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The Three Trillion Dollar War: The True Cost of the Iraq Conflict Paperback – 5 Mar 2009

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Product details

  • Paperback: 384 pages
  • Publisher: Penguin (5 Mar 2009)
  • Language: English
  • ISBN-10: 0141036524
  • ISBN-13: 978-0141036526
  • Product Dimensions: 12.8 x 19.6 x 2.4 cm
  • Average Customer Review: 4.5 out of 5 stars  See all reviews (6 customer reviews)
  • Amazon Bestsellers Rank: 1,051,655 in Books (See Top 100 in Books)

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Product Description


'If you have to trust somebody in matters of economics, you could do worse than a Nobel Prize-winning former chief economist of the World Bank ... the superb achievement of this book, however, is how little you do have to take on trust' - Sam Leith, Telegraph

About the Author

Joseph Stiglitz was Chief Economist at the World Bank until January 2000. He is currently University Professor of the Columbia Business School and Chair of the Management Board and Director of Graduate Summer Programs, Brooks World Poverty Institute, University of Manchester. He won the Nobel Prize for Economics in 2001 and is the author of the best-selling Globalization and Its Discontents, The Roaring Nineties, and Making Globalization Work, all published by Penguin.

Linda J. Bilmes is a Lecturer in Public Policy at Harvard University. During the Clinton administration, she served as Assistant Secretary for Management and Budget in the U.S. Department of Commerce.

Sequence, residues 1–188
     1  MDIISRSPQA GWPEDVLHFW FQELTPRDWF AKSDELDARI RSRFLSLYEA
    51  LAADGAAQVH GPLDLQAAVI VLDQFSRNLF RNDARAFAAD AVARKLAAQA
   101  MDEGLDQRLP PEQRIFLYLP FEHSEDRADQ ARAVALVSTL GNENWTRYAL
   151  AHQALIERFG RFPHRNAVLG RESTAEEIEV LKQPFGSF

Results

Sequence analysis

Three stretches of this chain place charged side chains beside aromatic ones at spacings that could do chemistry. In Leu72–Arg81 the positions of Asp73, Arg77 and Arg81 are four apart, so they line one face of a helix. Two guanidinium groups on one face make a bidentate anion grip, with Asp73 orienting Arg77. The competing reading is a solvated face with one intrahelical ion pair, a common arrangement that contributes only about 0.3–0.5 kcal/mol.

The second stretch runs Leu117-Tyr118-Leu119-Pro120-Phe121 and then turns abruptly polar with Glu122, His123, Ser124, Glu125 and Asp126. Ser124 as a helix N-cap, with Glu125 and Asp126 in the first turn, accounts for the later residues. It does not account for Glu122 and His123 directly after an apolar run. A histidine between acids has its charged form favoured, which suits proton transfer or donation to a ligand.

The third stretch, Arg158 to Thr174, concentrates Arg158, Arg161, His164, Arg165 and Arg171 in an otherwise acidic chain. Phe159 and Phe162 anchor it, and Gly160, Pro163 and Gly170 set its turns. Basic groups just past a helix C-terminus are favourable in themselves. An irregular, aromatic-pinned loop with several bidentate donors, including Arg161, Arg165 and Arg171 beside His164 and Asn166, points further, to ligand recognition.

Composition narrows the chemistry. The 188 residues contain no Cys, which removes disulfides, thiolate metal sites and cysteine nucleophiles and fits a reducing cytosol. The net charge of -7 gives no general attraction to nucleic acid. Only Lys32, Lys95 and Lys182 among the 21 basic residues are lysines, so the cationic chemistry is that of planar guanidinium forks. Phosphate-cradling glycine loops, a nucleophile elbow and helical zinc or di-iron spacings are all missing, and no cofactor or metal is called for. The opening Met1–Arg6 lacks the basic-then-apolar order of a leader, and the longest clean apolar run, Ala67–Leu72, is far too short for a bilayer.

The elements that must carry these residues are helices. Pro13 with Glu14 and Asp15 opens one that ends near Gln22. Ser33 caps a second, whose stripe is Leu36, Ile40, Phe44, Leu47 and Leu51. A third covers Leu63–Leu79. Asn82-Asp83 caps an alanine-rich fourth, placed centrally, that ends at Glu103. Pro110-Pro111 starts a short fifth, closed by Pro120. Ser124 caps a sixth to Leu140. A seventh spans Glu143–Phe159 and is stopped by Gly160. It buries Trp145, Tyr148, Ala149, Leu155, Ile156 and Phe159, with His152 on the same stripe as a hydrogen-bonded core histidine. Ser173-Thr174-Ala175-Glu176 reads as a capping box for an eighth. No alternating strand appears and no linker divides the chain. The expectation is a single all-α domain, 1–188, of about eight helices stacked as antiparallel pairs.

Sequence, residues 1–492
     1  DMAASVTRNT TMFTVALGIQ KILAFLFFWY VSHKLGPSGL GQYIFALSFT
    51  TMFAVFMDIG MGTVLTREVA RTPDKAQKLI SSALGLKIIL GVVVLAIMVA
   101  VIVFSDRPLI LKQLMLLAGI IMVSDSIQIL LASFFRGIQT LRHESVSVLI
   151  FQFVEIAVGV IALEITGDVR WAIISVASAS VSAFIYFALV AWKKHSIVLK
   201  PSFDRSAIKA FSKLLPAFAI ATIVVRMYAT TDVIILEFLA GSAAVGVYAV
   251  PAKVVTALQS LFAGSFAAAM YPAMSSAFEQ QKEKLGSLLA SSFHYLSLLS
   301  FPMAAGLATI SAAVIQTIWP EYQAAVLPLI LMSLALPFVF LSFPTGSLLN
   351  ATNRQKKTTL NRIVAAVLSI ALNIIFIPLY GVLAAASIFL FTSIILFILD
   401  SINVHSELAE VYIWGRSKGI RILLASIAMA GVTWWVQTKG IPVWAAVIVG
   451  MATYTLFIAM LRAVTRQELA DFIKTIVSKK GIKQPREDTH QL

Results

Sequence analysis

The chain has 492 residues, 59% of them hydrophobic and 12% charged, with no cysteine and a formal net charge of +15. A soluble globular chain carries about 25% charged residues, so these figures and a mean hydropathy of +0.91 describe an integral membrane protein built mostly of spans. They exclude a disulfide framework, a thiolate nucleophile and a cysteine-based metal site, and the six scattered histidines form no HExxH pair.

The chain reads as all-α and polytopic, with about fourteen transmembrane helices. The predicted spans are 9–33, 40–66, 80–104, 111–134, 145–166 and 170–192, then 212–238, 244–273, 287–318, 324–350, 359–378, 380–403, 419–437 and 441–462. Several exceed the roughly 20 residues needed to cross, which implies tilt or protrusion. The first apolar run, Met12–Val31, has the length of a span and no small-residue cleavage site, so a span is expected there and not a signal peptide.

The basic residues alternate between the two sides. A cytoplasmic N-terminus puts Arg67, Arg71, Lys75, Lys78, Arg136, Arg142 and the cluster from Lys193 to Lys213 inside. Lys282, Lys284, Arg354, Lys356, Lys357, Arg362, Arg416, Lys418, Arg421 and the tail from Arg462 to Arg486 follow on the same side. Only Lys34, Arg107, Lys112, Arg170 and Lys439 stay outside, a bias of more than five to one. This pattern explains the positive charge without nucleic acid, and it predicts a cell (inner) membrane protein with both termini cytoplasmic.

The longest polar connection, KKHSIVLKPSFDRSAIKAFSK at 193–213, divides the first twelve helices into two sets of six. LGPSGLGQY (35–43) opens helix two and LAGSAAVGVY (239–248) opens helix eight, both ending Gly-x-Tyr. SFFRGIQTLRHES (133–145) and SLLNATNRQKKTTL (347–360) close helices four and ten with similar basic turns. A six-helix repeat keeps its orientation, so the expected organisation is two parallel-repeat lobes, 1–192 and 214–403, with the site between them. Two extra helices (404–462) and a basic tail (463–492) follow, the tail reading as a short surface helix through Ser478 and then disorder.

Inside This Book (Learn More)
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First Sentence
ON MARCH 19, 2003, the United States and its "coalition of the willing" invaded Iraq. Read the first page
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Front Cover | Copyright | Table of Contents | Excerpt | Index | Back Cover
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Most Helpful Customer Reviews

2 of 2 people found the following review helpful By Luc REYNAERT TOP 1000 REVIEWER on 2 Aug 2009
Format: Paperback
The US invasion of Iraq was an act of aggression, which violated international law.

Its premises were false: Saddam Hussein didn't possess weapons of mass destruction and there was no link between the Iraqi government and the 9/11 attacks.
The obvious reason for the Iraq war was oil. After the invasion, the Iraqis were free (even to use their ammunition supplies), but not to lay their hands on the keys of the Oil Ministry or the oil production facilities.